Letter to Car: On your crapiversary

Today is the anniversary of your death–which I think is much more appropriately known as the “crapiversary” of your death.  You didn’t want “to leave the party early”, and so death was most unwelcome, even as it was accepted peacefully as you looked forward to the life hereafter.

I remember how devastating your death was to so many who were important to me even then. The day of your death was a brutal day–and to remember it will be hard for so many.

Today is the day when Husband will spend time at your grave. He will spend supper with the children.  You are often on his mind…but even more so these last days.  Husband will spend the day with your memory…I have made commitments all day that keep me busy and out of the house

Today is a day for me to create space for Husband to turn his thoughts towards you, his first love.

In these last days, friends have approached Husband to tell him that they remember that this is the anniversary of your death. One friend gave him a big hug and she cried, remembering your death.  The pastor who did your funeral took him out for coffee.  Another friend brought by tulips in your memory. Bright red, of course–you would have loved them.

Do people really know how meaningful it is when they remember a death years later? I think if we did, we all might do it more often.

So often, when Husband is talking about you, his face gets this twisted look, and he exclaims that he is so glad you aren’t in pain anymore.  He shakes his head and his whole body pulls back (picture someone tasting horrible cough syrup) when he talks about the memories of watching you in pain.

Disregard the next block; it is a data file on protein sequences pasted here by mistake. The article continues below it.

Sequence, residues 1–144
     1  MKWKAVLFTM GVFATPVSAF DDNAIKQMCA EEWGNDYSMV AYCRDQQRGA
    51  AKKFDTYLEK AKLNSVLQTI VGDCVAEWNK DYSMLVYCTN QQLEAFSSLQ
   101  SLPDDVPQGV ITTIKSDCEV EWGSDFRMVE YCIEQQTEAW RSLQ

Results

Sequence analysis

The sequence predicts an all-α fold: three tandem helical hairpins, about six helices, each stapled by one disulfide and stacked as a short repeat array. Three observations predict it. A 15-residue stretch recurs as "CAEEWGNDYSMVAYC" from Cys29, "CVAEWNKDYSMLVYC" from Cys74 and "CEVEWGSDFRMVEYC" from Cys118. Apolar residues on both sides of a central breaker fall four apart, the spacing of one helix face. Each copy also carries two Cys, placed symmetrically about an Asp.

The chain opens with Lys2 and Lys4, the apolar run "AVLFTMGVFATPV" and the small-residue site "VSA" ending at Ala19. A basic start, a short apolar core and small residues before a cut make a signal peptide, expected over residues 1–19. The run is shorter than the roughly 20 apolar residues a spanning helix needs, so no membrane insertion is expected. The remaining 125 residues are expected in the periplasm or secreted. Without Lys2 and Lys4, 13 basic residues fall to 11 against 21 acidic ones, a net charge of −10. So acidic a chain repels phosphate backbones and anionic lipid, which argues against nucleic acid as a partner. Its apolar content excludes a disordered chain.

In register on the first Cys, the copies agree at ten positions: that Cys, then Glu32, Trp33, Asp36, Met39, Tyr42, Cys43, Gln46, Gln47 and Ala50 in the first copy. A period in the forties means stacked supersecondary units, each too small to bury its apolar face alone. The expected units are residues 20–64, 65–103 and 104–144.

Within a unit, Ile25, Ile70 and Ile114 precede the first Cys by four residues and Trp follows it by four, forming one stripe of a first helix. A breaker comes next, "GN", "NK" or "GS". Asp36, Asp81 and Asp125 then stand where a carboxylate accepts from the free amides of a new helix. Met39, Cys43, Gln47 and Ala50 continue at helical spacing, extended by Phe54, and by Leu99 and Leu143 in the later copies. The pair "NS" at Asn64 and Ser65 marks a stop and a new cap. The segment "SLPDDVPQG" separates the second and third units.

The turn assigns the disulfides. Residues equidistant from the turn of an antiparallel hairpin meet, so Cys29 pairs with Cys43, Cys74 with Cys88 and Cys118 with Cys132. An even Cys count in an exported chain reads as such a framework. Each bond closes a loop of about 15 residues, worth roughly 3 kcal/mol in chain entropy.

It’s like he is willing to endure the pain of your death because that means you don’t have to endure the pain of your cancered body.  I know you think you hid your pain from him…and he tried his best to let you think you had. But he knew.

He always knew.

Your ability to continue living even as cancer ravaged your body is something that has been admired often around here.  You didn’t like being the centre of attention, and would not tolerate cancer getting any attention at all. You sent a Junior Tribe Member out of town for a sports tournament the week you were sent home to die…and he went, because of your encouragement to stay living. 

I think your efforts to hide your pain so the family could lead a “normal” life were so very well intentioned. Your kids were plugged into their lives on “full” until the day you died, and jumped back into their routines within a week, and I think that was good for them.

But the flip side of underplaying your pain is in how you were such a good teacher.  They watched you and learned, I think. I know you never intended it, but kids learn so much from their parents.  And while there are little hints that they miss you terribly, your Junior Tribe Members seemingly handle the pain of missing you just like they learnt from you, which means it is behind the scenes.

That makes it hard for them to move through their grief, I think. It makes is more difficult to know what’s really going on with them. Your well intentioned strategy had a hidden cost that I know you wouldn’t have intended.

You’d be proud of your kids, though. I know it.

They are loving kids with a heart for other people. They care. And they have been nothing short of remarkable in allowing me, and my JTM’s to come into their home to live with them. The first morning I woke up in the Klassen household after coming back from the honeymoon, I was almost sick to my stomach.  How would they react to me living in the house, when it was you they really wanted? How would they relate to me, since my very presence was only possible because you had died?